Pubs win court battle over music charges

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The Independent Online

The catering trade and retailers won their court battle today over the charges they pay for playing recorded music.

High Court judge Mr Justice Arnold upheld a ruling from a Copyright Tribunal which the Institute of Licensing said will mean pubs, hotels and restaurants across Britain will now receive up to £20 million in refunds.



The judge dismissed an appeal by Phonographic Performance Ltd (PPL), which introduced new tariffs in 2005/6. The institute claimed the tariffs meant fees were increased by more than four times.



The British Beer and Pub Association (BBPA) and the British Hospitality Association (BHA), together with bodies representing the retail sector, took the case to a Copyright Tribunal which found the new tariffs were not reasonable at a hearing last year.



A spokesman for the Institute of Licensing said the High Court ruling confirms savings of around £3 million a year for pubs, and also opens the door for refunds going back to 2005 that could amount to £10 million.



Brigid Simmonds, BBPA chief executive, said: "This judgment confirms the victory won last November, and is another milestone which brings a step closer the prospect of substantial and fully justified refunds for pubs. This could not come at a more important time for our sector as we struggle to come out of recession and will allow pubs to both claim a refund and pay less going forward.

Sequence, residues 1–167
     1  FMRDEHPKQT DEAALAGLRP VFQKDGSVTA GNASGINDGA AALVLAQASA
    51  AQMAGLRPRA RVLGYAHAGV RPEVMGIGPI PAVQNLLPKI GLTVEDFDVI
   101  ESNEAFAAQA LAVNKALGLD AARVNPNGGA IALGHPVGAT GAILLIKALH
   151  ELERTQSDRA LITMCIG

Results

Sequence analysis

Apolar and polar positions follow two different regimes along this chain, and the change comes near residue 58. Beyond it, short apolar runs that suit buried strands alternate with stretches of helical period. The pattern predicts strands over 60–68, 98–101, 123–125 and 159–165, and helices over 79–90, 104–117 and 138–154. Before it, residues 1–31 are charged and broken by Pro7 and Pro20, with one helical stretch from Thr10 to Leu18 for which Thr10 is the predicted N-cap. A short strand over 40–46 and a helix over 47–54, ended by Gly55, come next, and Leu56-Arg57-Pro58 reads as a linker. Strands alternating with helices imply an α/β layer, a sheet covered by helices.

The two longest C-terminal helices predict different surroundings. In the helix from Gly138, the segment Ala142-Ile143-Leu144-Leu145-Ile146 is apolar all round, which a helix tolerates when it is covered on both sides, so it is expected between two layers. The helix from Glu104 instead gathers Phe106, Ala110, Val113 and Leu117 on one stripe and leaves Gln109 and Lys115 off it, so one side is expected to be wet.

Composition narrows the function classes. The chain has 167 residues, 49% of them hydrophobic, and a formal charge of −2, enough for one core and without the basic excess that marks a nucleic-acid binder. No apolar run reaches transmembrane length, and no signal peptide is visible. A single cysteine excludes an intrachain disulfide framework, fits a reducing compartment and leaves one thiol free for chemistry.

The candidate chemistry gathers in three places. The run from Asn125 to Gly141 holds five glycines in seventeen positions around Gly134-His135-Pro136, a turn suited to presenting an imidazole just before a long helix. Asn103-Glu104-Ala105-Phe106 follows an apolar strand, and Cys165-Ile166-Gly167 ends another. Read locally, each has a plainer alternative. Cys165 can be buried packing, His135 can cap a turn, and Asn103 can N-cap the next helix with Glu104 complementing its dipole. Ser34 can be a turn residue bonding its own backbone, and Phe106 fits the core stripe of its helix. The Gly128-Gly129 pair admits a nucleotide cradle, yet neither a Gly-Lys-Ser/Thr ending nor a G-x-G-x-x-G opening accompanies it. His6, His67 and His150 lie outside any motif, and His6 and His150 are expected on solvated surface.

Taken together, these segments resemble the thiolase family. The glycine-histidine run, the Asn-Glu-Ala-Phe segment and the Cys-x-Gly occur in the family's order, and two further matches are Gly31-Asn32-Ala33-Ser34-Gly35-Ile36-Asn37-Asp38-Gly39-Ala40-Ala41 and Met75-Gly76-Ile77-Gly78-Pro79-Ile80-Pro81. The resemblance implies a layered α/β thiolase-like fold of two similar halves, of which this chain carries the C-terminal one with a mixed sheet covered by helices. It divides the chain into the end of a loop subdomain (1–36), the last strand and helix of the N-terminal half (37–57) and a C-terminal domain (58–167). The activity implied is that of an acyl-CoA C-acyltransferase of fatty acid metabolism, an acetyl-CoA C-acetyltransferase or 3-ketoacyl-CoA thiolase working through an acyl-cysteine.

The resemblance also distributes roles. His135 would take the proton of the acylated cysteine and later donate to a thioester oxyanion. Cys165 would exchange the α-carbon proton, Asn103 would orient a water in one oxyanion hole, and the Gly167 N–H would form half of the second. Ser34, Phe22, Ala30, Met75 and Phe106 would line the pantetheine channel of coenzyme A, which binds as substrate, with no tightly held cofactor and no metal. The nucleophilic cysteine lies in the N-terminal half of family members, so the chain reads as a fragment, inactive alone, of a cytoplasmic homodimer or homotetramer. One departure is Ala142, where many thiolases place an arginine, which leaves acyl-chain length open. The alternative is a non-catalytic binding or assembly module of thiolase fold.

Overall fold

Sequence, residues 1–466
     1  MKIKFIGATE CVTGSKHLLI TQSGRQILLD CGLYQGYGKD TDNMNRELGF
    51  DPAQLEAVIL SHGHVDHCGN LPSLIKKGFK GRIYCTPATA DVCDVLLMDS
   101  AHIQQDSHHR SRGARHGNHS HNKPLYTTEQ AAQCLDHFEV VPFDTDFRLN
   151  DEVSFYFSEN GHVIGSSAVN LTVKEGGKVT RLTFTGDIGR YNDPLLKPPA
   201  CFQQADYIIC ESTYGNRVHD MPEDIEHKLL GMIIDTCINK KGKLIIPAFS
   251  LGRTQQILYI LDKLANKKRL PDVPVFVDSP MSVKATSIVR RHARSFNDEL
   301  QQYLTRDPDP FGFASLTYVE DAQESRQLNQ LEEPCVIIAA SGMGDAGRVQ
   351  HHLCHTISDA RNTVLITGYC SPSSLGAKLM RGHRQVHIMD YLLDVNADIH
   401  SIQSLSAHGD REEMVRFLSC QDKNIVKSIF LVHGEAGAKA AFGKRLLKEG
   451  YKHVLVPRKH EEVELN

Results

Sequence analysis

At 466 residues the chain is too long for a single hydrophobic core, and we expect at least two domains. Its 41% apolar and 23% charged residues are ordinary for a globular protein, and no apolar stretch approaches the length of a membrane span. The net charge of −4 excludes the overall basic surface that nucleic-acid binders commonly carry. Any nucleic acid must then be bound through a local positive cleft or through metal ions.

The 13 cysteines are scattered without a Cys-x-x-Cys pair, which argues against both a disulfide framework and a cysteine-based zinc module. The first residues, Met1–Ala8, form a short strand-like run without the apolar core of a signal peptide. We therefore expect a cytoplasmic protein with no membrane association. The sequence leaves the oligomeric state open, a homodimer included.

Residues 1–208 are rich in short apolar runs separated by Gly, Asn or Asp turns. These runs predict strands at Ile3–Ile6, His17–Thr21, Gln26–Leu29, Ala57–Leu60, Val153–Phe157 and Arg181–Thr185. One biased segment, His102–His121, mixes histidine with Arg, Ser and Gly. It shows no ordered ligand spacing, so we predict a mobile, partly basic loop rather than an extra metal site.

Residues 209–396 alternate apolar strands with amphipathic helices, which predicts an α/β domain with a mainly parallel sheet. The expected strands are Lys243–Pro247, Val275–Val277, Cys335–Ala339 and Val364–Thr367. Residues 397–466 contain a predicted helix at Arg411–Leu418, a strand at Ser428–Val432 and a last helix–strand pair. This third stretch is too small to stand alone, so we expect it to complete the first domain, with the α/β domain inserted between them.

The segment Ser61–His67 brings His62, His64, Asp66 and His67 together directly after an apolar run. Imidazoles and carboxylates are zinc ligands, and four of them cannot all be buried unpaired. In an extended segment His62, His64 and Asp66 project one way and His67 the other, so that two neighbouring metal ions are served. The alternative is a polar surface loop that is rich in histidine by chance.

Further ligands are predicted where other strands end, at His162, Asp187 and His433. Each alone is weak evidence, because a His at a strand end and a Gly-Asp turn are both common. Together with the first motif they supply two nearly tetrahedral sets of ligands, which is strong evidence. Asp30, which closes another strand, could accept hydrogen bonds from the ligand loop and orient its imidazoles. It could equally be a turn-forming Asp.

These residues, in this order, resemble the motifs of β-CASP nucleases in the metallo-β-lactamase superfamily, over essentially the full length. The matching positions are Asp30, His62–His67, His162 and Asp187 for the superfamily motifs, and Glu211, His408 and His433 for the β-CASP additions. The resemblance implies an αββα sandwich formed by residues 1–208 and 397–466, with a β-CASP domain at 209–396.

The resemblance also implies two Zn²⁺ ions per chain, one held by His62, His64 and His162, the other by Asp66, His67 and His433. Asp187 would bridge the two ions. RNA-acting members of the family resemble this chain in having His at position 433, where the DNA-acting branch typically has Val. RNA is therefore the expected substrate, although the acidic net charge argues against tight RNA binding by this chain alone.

"With so much at stake, our persistence in pursuing this case has paid off. With the appeal behind us, and pubs already benefiting from the sharply reduced charges, we are now turning our attention to helping pubs to claim the long overdue refunds to which they are entitled."



A spokesperson for PPL, a collective licensing body acting on behalf of around 4,400 record companies and 47,000 performers, said: "Naturally the company is extremely disappointed that the judge found there was no error of law (in the Copyright Tribunal decision) although he identified some problems with the decision of the tribunal.



"This leaves PPL with tariffs that it believes substantially undervalue the rights of its performer and record company members."



The BBPA and BHA had successfully pressed the Copyright Tribunal for full refunds for those paying the new tariffs since 2005. These payments were delayed pending the outcome of the appeal.



Licensees will be able to claim refunds based on their own calculations of what they are owed, or they will be able to ask PPL to make the calculation for them, said the Institute of Licensing.

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